Mechanisms of Jet Formation on the Giant Planets
The giant planet atmospheres exhibit alternating prograde (eastward) and retrograde (westward) jets of different speeds and widths, with an equatorial jet that is prograde on Jupiter and Saturn and retrograde on Uranus and Neptune. The jets are variously thought to be driven by differential radiative heating of the upper atmosphere or by intrinsic heat fluxes emanating from the deep interior. However, existing models cannot account for the different flow configurations on the giant planets in an energetically consistent manner. Here a three-dimensional general circulation model is used to show that the different flow configurations can be reproduced by mechanisms universal across the giant planets if differences in their radiative heating and intrinsic heat fluxes are taken into account. Whether the equatorial jet is prograde or retrograde depends on whether the deep intrinsic heat fluxes are strong enough that convection penetrates into the upper troposphere and generates strong equatorial Rossby waves there. Prograde equatorial jets result if convective Rossby wave generation is strong and low-latitude angular momentum flux divergence owing to baroclinic eddies generated off the equator is sufficiently weak (Jupiter and Saturn). Retrograde equatorial jets result if either convective Rossby wave generation is weak or absent (Uranus) or low-latitude angular momentum flux divergence owing to baroclinic eddies is sufficiently strong (Neptune). The different speeds and widths of the off-equatorial jets depend, among other factors, on the differential radiative heating of the atmosphere and the altitude of the jets, which are vertically sheared. The simulations have closed energy and angular momentum balances that are consistent with observations of the giant planets. They exhibit temperature structures closely resembling those observed and make predictions about as yet unobserved aspects of flow and temperature structures.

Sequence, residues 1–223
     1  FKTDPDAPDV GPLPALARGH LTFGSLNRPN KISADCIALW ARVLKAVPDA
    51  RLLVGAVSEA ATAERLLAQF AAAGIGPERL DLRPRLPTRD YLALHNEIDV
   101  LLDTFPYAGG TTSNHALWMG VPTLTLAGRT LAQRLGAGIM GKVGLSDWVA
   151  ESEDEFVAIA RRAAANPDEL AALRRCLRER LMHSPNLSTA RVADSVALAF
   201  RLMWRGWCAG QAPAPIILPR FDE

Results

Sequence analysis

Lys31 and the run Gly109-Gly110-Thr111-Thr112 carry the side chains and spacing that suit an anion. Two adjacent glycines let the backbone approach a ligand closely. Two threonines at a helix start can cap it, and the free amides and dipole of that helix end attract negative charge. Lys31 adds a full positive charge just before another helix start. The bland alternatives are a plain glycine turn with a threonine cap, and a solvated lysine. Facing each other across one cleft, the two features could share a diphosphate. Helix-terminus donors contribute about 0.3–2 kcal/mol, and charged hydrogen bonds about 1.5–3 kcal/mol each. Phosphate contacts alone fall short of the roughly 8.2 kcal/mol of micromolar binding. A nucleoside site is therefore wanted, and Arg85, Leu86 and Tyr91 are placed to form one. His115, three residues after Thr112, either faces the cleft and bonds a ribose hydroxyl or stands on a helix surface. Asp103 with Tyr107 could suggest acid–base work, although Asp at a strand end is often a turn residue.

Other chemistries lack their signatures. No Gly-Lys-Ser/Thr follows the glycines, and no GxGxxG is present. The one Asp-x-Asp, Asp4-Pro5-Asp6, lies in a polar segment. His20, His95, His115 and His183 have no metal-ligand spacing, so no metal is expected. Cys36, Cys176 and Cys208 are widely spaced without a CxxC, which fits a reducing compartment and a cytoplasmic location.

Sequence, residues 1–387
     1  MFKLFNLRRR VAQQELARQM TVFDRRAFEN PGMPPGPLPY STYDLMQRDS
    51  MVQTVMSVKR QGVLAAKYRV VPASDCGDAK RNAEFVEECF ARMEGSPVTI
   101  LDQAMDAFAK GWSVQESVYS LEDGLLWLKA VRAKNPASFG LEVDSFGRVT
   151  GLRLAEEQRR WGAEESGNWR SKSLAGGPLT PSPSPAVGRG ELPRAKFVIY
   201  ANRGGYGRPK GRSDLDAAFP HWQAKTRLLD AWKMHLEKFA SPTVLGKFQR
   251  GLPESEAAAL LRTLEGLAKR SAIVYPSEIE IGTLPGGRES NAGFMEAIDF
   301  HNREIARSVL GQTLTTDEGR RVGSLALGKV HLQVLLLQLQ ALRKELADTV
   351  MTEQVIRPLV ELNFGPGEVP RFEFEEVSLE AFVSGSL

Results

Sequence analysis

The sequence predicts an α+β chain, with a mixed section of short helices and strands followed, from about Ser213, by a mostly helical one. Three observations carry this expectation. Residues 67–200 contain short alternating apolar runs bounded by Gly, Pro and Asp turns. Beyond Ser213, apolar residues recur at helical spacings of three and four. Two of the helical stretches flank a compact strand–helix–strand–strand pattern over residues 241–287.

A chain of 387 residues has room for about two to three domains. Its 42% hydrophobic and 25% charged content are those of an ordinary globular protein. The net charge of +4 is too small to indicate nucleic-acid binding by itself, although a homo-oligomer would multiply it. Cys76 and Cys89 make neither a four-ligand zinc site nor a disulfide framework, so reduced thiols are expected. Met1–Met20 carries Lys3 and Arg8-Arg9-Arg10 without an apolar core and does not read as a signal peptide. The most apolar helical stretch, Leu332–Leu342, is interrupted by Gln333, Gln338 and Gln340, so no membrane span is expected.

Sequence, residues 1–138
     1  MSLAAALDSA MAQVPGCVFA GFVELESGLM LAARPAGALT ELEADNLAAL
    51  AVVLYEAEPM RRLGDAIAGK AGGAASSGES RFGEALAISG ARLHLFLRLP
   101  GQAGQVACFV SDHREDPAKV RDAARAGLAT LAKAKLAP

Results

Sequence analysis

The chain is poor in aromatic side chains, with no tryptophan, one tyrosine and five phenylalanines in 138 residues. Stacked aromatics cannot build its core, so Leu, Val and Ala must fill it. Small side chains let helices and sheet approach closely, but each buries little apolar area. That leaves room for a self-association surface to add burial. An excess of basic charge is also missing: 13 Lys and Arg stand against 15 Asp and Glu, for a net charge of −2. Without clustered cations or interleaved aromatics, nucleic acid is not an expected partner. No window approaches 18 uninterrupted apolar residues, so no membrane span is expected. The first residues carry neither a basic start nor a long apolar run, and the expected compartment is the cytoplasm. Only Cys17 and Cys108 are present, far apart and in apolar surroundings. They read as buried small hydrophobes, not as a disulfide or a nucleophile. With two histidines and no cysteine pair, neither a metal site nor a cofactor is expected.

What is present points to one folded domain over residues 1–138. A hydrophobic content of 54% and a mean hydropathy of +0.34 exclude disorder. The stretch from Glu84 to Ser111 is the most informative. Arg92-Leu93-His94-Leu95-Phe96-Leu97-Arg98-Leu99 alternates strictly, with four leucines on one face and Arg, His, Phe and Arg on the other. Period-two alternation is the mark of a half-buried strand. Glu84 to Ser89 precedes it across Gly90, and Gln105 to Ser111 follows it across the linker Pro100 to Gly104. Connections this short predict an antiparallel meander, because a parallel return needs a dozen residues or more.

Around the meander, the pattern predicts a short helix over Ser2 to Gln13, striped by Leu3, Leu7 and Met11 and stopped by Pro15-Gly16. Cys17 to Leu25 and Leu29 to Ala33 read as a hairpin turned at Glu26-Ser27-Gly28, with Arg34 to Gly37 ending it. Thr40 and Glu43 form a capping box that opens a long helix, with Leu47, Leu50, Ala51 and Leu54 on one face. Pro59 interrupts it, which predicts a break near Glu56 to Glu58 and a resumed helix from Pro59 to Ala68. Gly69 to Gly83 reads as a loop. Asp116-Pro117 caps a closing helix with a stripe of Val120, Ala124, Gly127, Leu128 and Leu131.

© 2010 American Meteorological Society. Manuscript received 4 March 2010, in final form 4 June 2010. This work was supported by a David and Lucile Packard Fellowship and by the NASA Outer Planets Research Program (Grant NNX10AQ05G). The GCM is based on the Flexible Modeling System of the Geophysical Fluid Dynamics Laboratory; the simulations were performed on Caltech's Division of Geological and Planetary Sciences Dell cluster. We thank Andy Ingersoll and Yohai Kaspi for helpful discussions and comments on drafts of this paper.
Published - Liu2010p12226J_Atmos_Sci.pdf